Reviewing the extended legislative maneuvering and formal debate on this issue, it seems clear that they did not result either in clarifying matters or in advancing substantive solutions. Many, and perhaps even most, of the faculty members who voted for the Lewis motion are critical of, and even opposed to, the final clubs; Porter University Professor Helen Vendler made that point in the opening sentence of her remarks on November 7. But the FAS meetings, polarized by the imposition of sanctions effective for the current freshman class, did not elicit any move toward consensus.
Take two specific examples.
The sanction that would withhold the College’s required endorsement for academic fellowships deeply offended Vendler and some of her colleagues. They make their recommendations for such fellowships based on their evaluation of their students’ academic and intellectual development and potential; to have their considered evaluations, as professors, subject to administrative veto for unrelated reasons struck them as an intolerable intrusion on their professional obligations and sphere of responsibility. A faculty committee convened before the sanctions were announced in May 2016 might have raised that concern.
Similarly, in the November 7 debate, two speakers objected that Lewis’s motion was so broad that it would not only prohibit administrative control of the USGSOs, but also eliminate existing procedures and expectations governing the hundreds of recognized clubs and student organizations. Again, that objection might have been usefully aired before a motion advanced to the vote.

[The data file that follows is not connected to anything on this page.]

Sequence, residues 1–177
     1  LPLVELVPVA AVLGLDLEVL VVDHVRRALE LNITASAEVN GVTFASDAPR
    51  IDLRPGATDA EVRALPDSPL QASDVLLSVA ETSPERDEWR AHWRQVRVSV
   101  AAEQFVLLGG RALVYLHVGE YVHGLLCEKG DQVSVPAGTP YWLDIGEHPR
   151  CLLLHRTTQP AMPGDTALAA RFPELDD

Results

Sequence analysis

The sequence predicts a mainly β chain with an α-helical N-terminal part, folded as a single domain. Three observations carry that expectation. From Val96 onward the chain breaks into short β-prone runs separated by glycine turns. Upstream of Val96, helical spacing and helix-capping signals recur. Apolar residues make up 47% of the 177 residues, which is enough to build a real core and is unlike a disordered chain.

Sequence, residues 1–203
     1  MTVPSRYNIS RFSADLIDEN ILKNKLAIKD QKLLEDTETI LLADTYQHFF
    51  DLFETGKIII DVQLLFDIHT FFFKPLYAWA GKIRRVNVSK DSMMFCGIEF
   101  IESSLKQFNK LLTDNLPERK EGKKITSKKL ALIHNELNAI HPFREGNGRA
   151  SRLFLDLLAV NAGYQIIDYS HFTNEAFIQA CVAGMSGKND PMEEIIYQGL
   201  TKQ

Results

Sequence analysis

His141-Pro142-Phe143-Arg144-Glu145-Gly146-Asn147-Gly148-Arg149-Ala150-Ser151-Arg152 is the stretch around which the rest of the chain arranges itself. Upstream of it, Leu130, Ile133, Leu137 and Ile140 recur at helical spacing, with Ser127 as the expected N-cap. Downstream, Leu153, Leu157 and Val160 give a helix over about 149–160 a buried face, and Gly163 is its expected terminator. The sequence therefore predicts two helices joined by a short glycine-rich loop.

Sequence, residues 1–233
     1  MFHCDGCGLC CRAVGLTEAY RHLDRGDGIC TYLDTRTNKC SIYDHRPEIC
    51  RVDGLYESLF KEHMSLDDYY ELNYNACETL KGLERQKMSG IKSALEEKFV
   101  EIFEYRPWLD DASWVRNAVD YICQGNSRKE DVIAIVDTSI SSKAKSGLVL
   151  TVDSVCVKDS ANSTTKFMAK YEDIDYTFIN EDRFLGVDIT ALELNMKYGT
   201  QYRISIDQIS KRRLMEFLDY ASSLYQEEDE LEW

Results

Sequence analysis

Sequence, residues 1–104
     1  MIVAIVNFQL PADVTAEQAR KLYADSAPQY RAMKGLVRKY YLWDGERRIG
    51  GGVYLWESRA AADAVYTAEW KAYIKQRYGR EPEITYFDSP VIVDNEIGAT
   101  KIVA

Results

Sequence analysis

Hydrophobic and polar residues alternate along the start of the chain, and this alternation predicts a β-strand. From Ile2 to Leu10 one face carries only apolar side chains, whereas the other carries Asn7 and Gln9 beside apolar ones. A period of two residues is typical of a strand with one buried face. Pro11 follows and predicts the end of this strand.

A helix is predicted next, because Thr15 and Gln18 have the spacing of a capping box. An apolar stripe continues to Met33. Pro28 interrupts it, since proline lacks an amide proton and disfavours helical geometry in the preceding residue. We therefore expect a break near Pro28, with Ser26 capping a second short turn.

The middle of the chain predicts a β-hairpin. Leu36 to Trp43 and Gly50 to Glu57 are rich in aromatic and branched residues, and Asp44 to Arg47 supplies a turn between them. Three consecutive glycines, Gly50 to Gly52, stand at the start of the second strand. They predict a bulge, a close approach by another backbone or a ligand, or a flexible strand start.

In short, the policymaking process on display had shortcomings, and the process of advancing motions and debating them on the floor during FAS meetings did as well. A seasoned, neutral observer of the faculty lamented that given the way things played out, motions and counter-motions (some emanating from the Faculty Council, the faculty’s elected representatives who advise the dean) had become “weaponized”: tools for scoring points, rather than a means to explain, persuade, and forge agreed-upon courses of action.
Perhaps that is why the faculty at large seems disengaged. The debates on the final-club motions were moved from the Faculty Room in University Hall to a Science Center lecture hall to accommodate those attending (the first time this has been necessary since FAS’s vote of no confidence in President Lawrence H. Summers in 2005). On the other hand, the 130-90 ballot against the Lewis motion represented 220 votes: one-quarter of the 882 FAS members eligible to participate.
Another proposal brought before the faculty on November 7 concerns the schedule for FAS meetings beginning in the next academic year, when class schedules change to accommodate academic activity in Allston. The accompanying explanatory material notes that when the schedule for meetings last changed, in 2001, attendance rose from an average of 125 voting members to 143. FAS has in fact reduced its quorum so that it can conduct business, given persistently low attendance. And even that attendance reflects, in part, faculty members who have administrative responsibilities (as department chairs, House faculty deans, and so on) and are therefore expected to show up.